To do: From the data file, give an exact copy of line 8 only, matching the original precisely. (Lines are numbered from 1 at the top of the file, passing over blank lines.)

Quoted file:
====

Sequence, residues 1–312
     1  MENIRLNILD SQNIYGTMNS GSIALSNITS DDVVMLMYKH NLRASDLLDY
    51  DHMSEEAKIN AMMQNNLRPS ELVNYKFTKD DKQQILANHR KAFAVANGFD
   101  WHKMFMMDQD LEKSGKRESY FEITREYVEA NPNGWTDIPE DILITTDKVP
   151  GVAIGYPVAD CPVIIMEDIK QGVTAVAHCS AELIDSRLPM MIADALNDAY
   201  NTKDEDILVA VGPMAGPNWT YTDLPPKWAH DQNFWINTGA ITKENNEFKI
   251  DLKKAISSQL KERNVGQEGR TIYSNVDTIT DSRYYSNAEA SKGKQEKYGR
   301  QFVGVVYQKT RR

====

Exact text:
   301  QFVGVVYQKT RR